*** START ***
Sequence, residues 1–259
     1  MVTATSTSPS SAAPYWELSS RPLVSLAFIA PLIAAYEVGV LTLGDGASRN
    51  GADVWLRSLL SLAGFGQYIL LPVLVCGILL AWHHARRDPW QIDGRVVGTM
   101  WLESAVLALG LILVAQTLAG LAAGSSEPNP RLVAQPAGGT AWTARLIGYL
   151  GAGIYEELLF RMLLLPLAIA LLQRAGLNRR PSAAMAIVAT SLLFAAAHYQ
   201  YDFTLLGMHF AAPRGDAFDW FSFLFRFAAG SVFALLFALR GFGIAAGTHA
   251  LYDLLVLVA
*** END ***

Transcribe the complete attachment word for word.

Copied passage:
Sequence, residues 1–259
     1  MVTATSTSPS SAAPYWELSS RPLVSLAFIA PLIAAYEVGV LTLGDGASRN
    51  GADVWLRSLL SLAGFGQYIL LPVLVCGILL AWHHARRDPW QIDGRVVGTM
   101  WLESAVLALG LILVAQTLAG LAAGSSEPNP RLVAQPAGGT AWTARLIGYL
   151  GAGIYEELLF RMLLLPLAIA LLQRAGLNRR PSAAMAIVAT SLLFAAAHYQ
   201  YDFTLLGMHF AAPRGDAFDW FSFLFRFAAG SVFALLFALR GFGIAAGTHA
   251  LYDLLVLVA